Although Azerbaijan imposed an economic blockade, the economy has improved dramatically after the end of the war, trade with Iran is brisk and services run smoothly (Iranian trucks are a common sight in the region's roads). Telecommunications work well and there is internet access.

Xankandi / Stepanakert: government buildingThe Armenians have steadily developed the apparatus of statehood: government ministries scattered around Stepanakert with neat nameplates in English, Russian and Armenian; passports and entry visas; a parliament with 33 democratically elected representatives; and there is even a Miss Artsakh beauty competition - bathing costumes and all - every April in the Palace of Youth. It seems the only thing in the Republic of Nagorno-Karabakh does not have is a national airline. The last passenger plane to fly into Stepanakert airport was shot down by the Azeri forces (the airport is near Khodjaly).

The region uses the Armenian dram as its currency (1 dram= 100 luma, 1 Euro approx. = 500 dram). Dram notes are printed in denominations of AMD5000, 1000, 500, 200, 100, 50, 25 and 10. Coins are in denominations of 50, 20, 10, 5, 3, 2 and 1 luma.

Military exercises in NK (APF-J.Foster)The frontline between the armies of Azerbaijan and of Nagorno-Karabakh has an air of permanence. The Armenian trenches, bunkers and earthworks are well dug and reinforced with concrete posts, wooden palings and empty ammunition boxes. A network of wire fences and minefields separate the two armies who watch each other warily through binoculars across a kilometer of No Man's Land. There are regular exchanges of sniper fire and large quantities of men and material have been committed to holding this line. Behind the lines of infantry trenches, a deep tank ditch has been excavated.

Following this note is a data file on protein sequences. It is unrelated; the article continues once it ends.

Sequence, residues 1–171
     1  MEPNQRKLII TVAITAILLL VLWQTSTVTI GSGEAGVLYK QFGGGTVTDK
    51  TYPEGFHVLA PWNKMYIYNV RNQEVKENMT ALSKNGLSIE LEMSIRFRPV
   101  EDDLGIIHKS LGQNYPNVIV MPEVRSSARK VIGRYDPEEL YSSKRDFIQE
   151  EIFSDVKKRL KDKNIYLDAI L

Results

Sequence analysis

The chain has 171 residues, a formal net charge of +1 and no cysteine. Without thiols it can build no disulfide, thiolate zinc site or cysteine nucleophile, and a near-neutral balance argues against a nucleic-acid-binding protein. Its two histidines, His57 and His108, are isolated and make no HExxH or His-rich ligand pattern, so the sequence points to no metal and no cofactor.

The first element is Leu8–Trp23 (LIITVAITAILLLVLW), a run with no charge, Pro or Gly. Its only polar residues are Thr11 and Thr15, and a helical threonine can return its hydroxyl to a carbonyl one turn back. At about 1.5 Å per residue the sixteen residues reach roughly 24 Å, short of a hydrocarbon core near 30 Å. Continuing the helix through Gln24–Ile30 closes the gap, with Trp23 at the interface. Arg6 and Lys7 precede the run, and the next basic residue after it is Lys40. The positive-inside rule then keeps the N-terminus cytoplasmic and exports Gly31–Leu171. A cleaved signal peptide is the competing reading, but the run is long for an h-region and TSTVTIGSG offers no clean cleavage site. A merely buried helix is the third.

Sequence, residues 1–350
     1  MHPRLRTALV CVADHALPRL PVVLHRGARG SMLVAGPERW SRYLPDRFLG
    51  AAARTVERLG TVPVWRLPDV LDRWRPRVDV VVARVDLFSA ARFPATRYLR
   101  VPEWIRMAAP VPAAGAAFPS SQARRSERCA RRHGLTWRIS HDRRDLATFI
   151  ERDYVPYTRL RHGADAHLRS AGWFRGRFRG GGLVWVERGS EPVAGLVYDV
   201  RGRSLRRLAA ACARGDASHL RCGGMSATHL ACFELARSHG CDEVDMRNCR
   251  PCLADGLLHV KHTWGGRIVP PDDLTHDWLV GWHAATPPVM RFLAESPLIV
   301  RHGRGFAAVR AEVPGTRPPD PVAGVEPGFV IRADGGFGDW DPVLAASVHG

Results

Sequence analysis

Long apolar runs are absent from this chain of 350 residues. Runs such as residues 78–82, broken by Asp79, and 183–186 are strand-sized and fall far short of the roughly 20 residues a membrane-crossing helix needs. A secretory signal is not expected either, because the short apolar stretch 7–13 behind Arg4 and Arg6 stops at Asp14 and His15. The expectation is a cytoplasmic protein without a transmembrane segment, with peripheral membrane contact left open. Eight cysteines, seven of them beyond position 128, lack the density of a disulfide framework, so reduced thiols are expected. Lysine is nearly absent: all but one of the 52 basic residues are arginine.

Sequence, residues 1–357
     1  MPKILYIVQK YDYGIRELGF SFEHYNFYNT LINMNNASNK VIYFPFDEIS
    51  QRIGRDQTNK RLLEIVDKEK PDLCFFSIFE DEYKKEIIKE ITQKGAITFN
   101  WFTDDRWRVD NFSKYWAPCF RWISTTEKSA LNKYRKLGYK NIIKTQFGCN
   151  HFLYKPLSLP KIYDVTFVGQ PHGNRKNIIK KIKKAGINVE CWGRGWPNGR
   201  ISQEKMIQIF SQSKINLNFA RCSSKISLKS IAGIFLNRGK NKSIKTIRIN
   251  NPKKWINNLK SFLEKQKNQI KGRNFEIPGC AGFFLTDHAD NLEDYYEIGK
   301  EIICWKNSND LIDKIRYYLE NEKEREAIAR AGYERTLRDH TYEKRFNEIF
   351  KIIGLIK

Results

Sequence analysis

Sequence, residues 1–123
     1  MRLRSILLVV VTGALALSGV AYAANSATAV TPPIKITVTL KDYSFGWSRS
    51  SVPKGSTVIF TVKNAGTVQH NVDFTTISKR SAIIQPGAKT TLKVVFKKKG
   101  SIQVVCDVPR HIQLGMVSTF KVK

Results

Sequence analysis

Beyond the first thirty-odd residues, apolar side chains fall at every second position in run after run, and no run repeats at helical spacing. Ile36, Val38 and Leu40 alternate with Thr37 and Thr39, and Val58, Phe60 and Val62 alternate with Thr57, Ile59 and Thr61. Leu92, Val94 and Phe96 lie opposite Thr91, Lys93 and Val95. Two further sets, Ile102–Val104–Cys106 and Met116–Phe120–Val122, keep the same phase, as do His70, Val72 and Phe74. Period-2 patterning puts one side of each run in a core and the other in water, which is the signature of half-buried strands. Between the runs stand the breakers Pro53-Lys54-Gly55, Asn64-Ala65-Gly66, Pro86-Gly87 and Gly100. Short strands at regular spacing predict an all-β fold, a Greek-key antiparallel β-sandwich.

The Nagorno-Karabakh army is about 20.000 strong and it's trained at Ivanovka, just outside Xankandi. There is a two-year mandatory military service for males ages 18, but a good proportion of the army is professional. Training focuses not only on conventional warfare but also in guerrilla tactics.

Xankandi, the capital is a recent city, currently with a population of under 50.000 souls, slightly less than in Soviet times. It was founded in 1917 after the October revolution on the site of the village of the same name and was renamed Stepanakert in 1923 for Stepan Shaumyan, a Baku Armenian communist leader. After Azerbaijan gained independence the name was changed back to Xankandi, though the Armenians continue to call the city Stepanakert.

Due to the present military situation, to visit Xankandi you need to go via Armenia (this is quite easy, but see the visas section for details on the bureaucracy). The roads have been improved during recent years and new roads were also built. The road distance from Yerevan is about 200 km, so in the Armenian capital simply board a bus or rent a car. The road will take you via Goris, Lachin and Shusha, and plenty of breathtaking landscape.

As a more expensive, but faster, alternative you can get helicopter services between Yerevan and Xankandi (flights operated by Russian built Mi-8s).

(350 km west of Baku)
see also: Xankandi/Stepanakert, hotels in Xankandi, maps, images, visas, Shusha, Agdam, Lachin, summary, history
A to Z of Azerbaijan / A dan Z ye Azerbaycan